For anyone in marketing, good communication is essential to make the value propositions clear to the target audience. But communication skill is also critical internally, as the Marketing Director must motivate and get buy-in from their team and other employees in the company. When it comes time to interview candidates for your marketing leadership position, pay extra attention to their ability to convey complex information clearly and concisely, and craft interview questions specifically designed to test their communication skills.
Analytical and creative
Much like a business owner or entrepreneur, a Marketing Director must have a breadth of knowledge and ability, and be able to shift between sometimes opposing mindsets and approaches. While it’s quite rare for individuals to be both analytical and creative, Marketing Directors have to crunch data but also frequently develop and evaluate creative ideas. They need to have a high-level, big-picture perspective but also be detail oriented. And they need to know enough to be able to ask the right questions and hire highly talented people with specialized skills.
Your Marketing Director has to be flexible and able to change direction if the situation demands. Modern marketing is a science of constant evaluation and reassessment, looking at what works and how to make it even better, and what doesn’t work and how to replace it. It’s constant incremental improvement. They must be able to not only survive, but thrive in an ever-changing and competitive environment.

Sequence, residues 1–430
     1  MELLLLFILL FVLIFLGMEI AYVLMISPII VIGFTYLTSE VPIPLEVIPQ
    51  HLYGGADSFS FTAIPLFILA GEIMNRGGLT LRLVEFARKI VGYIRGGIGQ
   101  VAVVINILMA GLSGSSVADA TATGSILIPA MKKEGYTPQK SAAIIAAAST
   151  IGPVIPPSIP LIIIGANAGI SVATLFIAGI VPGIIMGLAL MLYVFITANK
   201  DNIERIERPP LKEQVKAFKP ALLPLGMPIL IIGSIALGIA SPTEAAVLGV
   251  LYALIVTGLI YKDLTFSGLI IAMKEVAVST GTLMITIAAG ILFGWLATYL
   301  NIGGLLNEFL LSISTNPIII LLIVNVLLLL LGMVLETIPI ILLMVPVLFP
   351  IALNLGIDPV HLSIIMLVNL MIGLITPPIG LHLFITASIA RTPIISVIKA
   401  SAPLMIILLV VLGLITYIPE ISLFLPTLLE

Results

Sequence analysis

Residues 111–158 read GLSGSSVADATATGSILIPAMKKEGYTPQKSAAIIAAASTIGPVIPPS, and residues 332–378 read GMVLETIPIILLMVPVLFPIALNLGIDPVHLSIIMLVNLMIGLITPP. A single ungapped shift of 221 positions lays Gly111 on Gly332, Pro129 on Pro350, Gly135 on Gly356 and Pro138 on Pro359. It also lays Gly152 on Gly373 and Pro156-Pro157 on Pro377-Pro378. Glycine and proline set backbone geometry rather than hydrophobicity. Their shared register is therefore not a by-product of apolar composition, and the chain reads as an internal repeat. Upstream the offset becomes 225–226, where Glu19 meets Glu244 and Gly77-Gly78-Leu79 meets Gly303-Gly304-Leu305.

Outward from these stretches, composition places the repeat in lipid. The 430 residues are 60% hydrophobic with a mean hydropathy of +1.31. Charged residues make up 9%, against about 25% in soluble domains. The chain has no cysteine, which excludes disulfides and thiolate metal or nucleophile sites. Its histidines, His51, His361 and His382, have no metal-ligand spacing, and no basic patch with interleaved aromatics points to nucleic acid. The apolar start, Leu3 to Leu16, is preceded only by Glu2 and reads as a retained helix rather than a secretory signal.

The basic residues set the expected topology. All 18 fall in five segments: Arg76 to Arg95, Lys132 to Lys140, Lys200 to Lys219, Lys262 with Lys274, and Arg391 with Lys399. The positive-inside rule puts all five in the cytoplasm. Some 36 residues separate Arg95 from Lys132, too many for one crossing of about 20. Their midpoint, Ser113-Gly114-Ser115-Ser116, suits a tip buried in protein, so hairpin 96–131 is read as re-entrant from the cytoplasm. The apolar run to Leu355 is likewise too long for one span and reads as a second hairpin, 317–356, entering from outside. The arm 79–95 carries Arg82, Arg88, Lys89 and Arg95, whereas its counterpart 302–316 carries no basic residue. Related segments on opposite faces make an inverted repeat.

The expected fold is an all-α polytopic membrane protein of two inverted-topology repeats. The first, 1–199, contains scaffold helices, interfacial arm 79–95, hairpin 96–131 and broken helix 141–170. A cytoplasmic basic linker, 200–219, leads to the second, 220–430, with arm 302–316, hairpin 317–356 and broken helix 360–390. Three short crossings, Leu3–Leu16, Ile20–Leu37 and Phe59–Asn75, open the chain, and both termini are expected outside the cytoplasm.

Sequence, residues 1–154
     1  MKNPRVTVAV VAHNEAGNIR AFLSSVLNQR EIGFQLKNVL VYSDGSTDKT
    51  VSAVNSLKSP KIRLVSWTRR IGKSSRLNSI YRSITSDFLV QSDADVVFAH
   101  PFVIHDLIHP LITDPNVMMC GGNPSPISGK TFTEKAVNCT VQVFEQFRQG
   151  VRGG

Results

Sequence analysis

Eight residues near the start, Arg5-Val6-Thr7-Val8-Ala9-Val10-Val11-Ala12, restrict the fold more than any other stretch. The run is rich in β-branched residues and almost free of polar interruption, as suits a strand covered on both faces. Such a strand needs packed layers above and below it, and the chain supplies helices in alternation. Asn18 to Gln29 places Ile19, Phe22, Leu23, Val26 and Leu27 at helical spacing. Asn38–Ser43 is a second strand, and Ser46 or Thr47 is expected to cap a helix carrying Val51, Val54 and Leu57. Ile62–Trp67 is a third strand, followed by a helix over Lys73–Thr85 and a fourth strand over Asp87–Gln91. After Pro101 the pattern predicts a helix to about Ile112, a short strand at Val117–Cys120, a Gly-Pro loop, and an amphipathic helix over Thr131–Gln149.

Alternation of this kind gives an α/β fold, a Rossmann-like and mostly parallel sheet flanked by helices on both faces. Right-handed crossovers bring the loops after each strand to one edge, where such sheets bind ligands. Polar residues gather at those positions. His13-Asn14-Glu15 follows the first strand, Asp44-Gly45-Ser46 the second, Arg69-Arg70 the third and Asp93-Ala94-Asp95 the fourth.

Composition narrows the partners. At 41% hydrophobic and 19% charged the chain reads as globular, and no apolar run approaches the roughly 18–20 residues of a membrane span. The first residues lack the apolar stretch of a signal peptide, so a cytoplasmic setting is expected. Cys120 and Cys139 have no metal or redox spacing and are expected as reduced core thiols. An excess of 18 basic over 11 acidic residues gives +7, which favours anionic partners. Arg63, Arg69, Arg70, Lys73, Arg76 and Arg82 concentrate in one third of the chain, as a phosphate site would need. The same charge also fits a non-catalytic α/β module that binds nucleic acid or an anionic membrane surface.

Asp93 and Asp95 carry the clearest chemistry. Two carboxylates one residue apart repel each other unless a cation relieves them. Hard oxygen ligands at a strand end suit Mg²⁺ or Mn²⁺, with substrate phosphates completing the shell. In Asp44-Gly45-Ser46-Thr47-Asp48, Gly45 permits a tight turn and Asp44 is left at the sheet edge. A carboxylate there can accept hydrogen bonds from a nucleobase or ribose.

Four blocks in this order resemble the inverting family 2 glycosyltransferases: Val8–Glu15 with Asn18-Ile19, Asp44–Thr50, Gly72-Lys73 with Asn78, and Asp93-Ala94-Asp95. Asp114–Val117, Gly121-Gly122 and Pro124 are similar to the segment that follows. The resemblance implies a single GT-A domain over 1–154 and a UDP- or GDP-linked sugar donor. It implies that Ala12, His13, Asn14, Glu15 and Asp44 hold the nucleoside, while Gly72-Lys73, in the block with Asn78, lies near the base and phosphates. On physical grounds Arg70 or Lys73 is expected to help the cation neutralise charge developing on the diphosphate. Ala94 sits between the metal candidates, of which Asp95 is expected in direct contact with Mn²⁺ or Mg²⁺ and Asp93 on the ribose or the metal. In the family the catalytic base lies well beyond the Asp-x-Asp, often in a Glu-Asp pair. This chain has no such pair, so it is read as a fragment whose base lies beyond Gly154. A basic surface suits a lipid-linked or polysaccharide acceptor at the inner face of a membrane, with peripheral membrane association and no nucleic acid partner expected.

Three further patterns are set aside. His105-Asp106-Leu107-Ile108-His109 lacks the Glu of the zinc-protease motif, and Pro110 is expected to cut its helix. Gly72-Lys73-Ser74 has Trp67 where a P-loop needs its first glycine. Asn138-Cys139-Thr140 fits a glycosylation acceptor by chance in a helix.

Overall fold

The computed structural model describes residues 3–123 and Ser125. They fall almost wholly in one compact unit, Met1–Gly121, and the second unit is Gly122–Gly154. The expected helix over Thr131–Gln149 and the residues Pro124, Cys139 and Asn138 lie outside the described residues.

That ever-changing competitive environment means marketing mediums change, customers change, and society changes. The Marketing Director can’t be locked into a mindset, relying on existing approaches and strategies. They must stay attuned to these changes so they can learn and adapt, while also avoiding short-lived trends that won’t help your business grow. They need the humility to know they can’t know everything and that there’s always something new to learn.
Marketing Director Salaries
Effective marketing is critical for the success of any business. It’s how you attract customers to your products, services, and brand. You could have the most amazing operational team, but without marketing, they won’t have customers to serve because no one will be able to find them amongst all the marketplace noise.
As we’ve seen, marketing leadership is essential. Without the right leader with the right skill set, it’s easy to miss out on the benefits of marketing. Marketing leaders do not come cheap, so it’s important to know the realistic compensation ranges required to attract the right person to your business.
Here are some typical salary ranges including bonuses in the US, Australia, and the UK. I’ve included both Marketing Director and CMO, since larger organizations usually classify the marketing leader role as a CMO and SMBs usually classify them as a Marketing Director. Larger companies with a CMO often hire less expensive Marketing Directors under the CMO, so this can skew the numbers lower. Therefore, it’s good to use both salary ranges as references; you might find that a realistic salary is somewhere in between.